5. Don’t engage-This is the second “ultimate sin” that can give you a bad reputation. NEVER publicly engage with a reviewer. When you publish your work, a bad review is almost inevitable. Face it: not everyone is going to like your work. The worst thing you can do is to argue with the reviewer via public comment. Don’t respond publicly to any review in any way. Even thanking every reviewer, as harmless as it might seem, can come across the wrong way. The best comment is no comment. Instead, pay attention to the review. If it’s nonsense, ignore it. If there’s anything you can learn from it, take it If it’s a positive review, celebrate it. But leave the reviewer alone.
6. Choose groups on Facebook, Goodreads, and other social media that welcome you. Leave the ones that don’t.- You do want to establish an online presence, but be selective. There are some groups that you’ll look forward to going into because the atmosphere is so positive and inviting, you know that your input will always be welcome, and you can say what’s on your mind without fear of being put down. There are also some groups that are so toxic that no productive conversation ever takes place. Most are a happy medium where you’re just “there.” Choose 2-3 groups on your preferred social media platforms where you feel like an active member, and leave the rest behind. You can always change groups if your situation changes or if the group no longer works for you. There’s no reason to join every single group. You’ll never be able to keep up with that many discussions, and you’ll just receive constant updates. If you haven’t been an active member in more than six months, leave the group. If you are constantly being put down by other members or a group is not helpful to you, it’s not worth your time. You don’t have to pick a group right away, but start exploring your options. There is no “best” group, so I’m not going to recommend any here. The “best” groups are the ones where YOU feel the most welcome and are most active. On this same note, while you do need some web presence, you don’t have to follow every blog or sign up for every social media platform. Once again, tailor your membership and participation to your personal preferences, your comfort level, and your time commitment.
7. Take your time to build a true fan base- Fads in reading come and go, but some things never go out of style: giving readers something worth reading and something to look forward to, proper editing and formatting, relevant content, an engaging plotline, and overall professionalism. The reason Stephen King’s books become automatic bestsellers is because he has fan base in the millions established over more than forty years. Each reader gained is a victory. Take baby steps. And give your readers promise for the future; let them know what you’re working on (with a tentative release date). Treat them with respect. Don’t snub them. You’re establishing a professional relationship so you want to take the time to keep your customer satisfied so they’ll come back for more.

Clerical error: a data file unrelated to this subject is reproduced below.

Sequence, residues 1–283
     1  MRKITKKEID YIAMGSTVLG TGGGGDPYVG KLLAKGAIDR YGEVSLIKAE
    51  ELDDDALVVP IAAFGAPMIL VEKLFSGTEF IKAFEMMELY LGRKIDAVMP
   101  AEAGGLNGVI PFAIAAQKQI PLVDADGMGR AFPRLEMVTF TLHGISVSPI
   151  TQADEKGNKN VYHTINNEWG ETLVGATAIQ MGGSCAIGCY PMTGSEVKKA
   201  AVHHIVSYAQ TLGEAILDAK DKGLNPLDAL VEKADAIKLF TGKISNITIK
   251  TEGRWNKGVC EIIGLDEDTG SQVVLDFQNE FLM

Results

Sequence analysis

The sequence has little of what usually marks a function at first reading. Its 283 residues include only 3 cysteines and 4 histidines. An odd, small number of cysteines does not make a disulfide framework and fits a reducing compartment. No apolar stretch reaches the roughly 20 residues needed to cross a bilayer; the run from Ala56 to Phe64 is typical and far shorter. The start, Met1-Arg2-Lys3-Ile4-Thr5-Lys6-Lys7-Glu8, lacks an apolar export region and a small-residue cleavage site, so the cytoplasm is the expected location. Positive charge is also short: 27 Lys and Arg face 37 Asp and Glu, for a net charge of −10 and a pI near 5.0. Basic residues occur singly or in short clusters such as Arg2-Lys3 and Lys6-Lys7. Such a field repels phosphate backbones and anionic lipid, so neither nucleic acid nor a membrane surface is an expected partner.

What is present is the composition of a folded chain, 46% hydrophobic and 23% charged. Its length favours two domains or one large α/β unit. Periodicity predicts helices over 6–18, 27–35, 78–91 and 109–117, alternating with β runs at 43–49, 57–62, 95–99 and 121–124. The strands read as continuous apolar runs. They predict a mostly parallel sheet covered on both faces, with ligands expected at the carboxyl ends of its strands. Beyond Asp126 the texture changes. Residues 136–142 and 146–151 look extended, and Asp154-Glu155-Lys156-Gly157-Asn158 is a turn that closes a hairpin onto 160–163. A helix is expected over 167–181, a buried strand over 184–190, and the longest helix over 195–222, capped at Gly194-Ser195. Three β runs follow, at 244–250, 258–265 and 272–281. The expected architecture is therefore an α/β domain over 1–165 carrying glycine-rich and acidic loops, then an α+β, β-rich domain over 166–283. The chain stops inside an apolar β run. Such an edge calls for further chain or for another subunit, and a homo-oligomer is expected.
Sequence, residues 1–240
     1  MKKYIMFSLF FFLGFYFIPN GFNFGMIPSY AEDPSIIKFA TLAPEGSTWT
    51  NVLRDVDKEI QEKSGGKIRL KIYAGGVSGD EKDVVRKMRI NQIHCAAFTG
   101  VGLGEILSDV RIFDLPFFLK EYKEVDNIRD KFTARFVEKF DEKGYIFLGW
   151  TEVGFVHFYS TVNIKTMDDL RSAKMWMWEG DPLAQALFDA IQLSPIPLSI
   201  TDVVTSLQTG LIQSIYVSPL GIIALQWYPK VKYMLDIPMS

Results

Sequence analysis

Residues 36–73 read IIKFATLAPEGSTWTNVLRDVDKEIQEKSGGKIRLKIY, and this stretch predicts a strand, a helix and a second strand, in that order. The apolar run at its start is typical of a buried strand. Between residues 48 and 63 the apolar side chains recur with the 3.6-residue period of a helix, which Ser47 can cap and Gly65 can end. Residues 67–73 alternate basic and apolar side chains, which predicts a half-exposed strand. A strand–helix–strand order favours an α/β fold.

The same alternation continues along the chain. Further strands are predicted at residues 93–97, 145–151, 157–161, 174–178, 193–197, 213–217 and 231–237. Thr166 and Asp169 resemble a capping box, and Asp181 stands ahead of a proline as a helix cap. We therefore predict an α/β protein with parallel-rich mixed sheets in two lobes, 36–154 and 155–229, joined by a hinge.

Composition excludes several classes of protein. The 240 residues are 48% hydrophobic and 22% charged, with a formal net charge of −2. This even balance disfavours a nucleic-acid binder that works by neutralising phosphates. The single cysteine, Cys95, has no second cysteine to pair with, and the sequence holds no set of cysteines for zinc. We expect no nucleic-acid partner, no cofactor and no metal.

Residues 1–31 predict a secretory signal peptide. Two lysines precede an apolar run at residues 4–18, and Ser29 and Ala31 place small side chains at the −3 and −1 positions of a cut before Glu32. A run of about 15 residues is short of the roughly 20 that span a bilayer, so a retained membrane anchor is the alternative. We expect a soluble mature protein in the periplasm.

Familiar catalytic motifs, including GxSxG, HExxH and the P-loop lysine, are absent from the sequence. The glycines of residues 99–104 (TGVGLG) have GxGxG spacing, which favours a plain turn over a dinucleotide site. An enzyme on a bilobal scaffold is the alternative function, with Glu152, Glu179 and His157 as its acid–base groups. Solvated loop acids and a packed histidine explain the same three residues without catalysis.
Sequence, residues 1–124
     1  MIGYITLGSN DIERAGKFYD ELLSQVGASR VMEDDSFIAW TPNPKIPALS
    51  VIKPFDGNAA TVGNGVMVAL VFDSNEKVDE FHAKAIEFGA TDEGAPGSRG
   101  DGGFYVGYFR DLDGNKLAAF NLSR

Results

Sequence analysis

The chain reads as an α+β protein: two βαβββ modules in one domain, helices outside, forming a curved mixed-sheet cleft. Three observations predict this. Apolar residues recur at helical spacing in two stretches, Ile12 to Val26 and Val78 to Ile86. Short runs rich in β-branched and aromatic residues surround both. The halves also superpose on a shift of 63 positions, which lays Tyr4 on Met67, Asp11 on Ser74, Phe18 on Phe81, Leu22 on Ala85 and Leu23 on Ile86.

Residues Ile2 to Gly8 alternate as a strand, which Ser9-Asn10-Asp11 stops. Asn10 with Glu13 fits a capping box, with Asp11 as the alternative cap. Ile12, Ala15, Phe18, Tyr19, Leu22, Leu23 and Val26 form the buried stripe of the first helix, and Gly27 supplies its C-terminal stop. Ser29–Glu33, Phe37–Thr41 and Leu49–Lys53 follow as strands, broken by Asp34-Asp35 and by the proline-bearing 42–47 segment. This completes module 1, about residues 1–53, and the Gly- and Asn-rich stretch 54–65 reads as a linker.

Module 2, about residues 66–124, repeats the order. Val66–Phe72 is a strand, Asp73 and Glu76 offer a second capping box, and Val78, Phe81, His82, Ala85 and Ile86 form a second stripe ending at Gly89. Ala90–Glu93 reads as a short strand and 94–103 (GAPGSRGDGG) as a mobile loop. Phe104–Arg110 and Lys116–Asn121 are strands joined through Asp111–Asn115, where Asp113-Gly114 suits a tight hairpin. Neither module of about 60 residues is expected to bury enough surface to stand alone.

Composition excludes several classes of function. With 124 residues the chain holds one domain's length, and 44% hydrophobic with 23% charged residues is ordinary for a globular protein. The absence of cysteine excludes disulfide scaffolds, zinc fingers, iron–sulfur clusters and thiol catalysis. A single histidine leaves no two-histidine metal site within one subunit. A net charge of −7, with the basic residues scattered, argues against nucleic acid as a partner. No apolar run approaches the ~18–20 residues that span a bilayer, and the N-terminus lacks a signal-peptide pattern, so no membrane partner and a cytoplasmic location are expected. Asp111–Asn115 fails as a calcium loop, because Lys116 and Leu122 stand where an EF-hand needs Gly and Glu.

8. Other authors are often your biggest allies. Don't let anyone convince you otherwise- While it’s true that you don’t want to market to others authors, you do want to make the most of your professional connections. Don’t think of interacting with other readers as a waste of time (as I’ve heard many a writer say) because it’s not “marketing to readers.” Which brings me to the next point:
9. While we do want to “market to readers” do keep in mind that readers don’t come in neat little groups to market to. Consider everyone, including fellow authors, a potential fan, and act accordingly. This means a professional, courteous online presence at all times. This means don’t overpost, don’t treat others rudely, and don’t involve yourself in Internet fights. Things like that make people not want to buy your book. Little things like a “thank you” or a shared post go a long way.
10. Appreciate each review-Celebrate the positive ones. See if there is anything you can learn from the negative ones. Ignore the nonsensical ones. Remember, NEVER ENGAGE. Take all reviews in stride; don’t let the positive reviews go to your head or the negative ones get you down. Never pressure any reader for a review (even an “honest” review, which reviewers will interpret as code for a positive review). If you are getting a lot of negative reviews, consider that your work may have not been ready for publication. Fix it and republish. Yes, troll reviews happen. They suck, and as hard as they are to swallow, pretend you don’t see them. Never email Amazon (or other platforms) to request that any review be removed (yours or another writer’s), even if it is unjustified or even if you “know” the review is fake. This is part of what’s causing our current problems with Amazon-authors who go crying to Mama Amazon every time their feelings get hurt or every time they want to tattle on someone who’s not obeying. This is a good situation where the ‘stop snitching’ rule would apply perfectly. The review system IS flawed and unfair, but guess what? It’s always going to be. Dishonest reviewers will always find a way to get around any system, and the honest reviewers are the ones that suffer.
11. Don’t spend so much time on promotion and in writer’s events and discussions that you have no time left for writing.-While networking and creating an online presence is essential, remember that your most important job is to work on your next book. The most successful authors are the ones who regularly publish quality material. Don’t get stuck in the mode of having just one book that you continuously try to pitch. Your readers want something fresh. And publishing a new book may help renew interest in the old one.
12. Have fun. If you’re not enjoying yourself, there’s no point-That downer review you got today? You’ll laugh about it later. Have sense of humor about things and enjoy the company of your fans and colleagues. If the process is not fun for you, do something else. Other authors are often your biggest allies. Don't let anyone convince you otherwise